AB 1138, Ed Chau, D-Alhambra, was amended March 21 to add language that would require employers to post on their premises a list of all covered employees and update the information quarterly, or each time a covered employee is removed or added. The bill originally proposed nonsubstantive changes to a section of the Labor Code dealing with citations and penalty assessment orders on employers.
The recent amendments to AB 1138 would require employers to maintain a list of covered employees including names, addresses and the last four digits of Social Security numbers. The employers would have to provide the list to the Division of Labor Standards Enforcement (DLSE), the Department of Industrial Relations (DIR), the Department of Insurance, the Employment Development Department and its workers' compensation carrier.
The bill says “the exclusive remedy provision shall not apply for compensable injuries and illnesses suffered during a period that an employee is not included in a notice of covered employees or the list of covered employees.”
On top of that, the bill says that the “absence of the name of any employee on any notice of covered employees or any list of covered employees … conclusively establishes that the employer did not secure payment of compensation from an insurance carrier.”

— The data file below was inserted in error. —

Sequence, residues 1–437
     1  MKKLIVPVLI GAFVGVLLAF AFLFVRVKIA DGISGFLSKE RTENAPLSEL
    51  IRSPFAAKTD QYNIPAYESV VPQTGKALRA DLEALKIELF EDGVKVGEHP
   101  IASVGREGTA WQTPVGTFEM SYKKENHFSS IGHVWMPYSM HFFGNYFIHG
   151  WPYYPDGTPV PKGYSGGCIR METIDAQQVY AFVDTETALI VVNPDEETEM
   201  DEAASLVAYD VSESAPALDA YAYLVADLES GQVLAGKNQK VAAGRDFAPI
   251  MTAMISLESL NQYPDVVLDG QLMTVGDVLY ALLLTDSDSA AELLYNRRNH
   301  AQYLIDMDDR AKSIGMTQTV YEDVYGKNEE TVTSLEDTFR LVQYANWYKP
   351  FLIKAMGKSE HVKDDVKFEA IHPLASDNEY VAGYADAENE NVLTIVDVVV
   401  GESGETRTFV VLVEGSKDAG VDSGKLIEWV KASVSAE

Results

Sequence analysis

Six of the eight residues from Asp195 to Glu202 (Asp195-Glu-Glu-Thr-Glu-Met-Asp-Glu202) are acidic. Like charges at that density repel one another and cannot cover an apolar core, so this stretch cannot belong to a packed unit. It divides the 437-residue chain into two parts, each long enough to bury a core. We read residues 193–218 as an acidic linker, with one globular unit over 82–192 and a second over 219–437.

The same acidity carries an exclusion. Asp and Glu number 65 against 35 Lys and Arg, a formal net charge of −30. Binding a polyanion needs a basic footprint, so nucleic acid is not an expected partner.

Employers would be required to retain copies of all covered employee notices and lists for at least five years. Failure by an employer to retain each notice or each list or provide copies to DIR or DLSE would also conclusively establish that the employer was uninsured under the provisions in AB 1138.
Finally, an employer that fails to post a list of covered employees would face a fine of $100 per employee for the first violation and $500 per employee for additional violations. An employer that fails to turn over records when requested by a state agency is subject to a fine of $250 per employee for the first violation and $1,000 per employee for subsequent violations.
The bill is backed by the California Labor Federation - they say they don't intend to penalize honest employers but that they want employees to be able to see if they’re covered and make sure they actually are an "employee."
The goal, says labor, is to allow enforcement agencies, when making a call on an employer to audit employees versus independent contractors, to more easily discern which workers are, in fact, insured and which workers are not insured.
First off, most employers have no idea who is an independent contractor versus an employee under the eyes of the law - in particular since the standards concerning that distinction are different for Federal tax purposes and the definitions applicable to workers' compensation.
Second, employers already report on a quarterly basis employees to the Employment Development Department. Labor standards enforcement agencies should start there for the list of "employees" when the decide to audit an employer - no extra cost to the government or to employers since this is already in place.
Finally, I don't think any employee reads the mandated postings now, let alone some new posting with even more information. Most people don't care until something happens and some benefit is denied - then it's the lawyers that care and the issue of a posting becomes more of a litigation tool rather than an enforcement mechanism.
AB 1138 is just a bad idea and imposes more government on responsible employers and will do nothing to stop unscrupulous employers from subverting the law.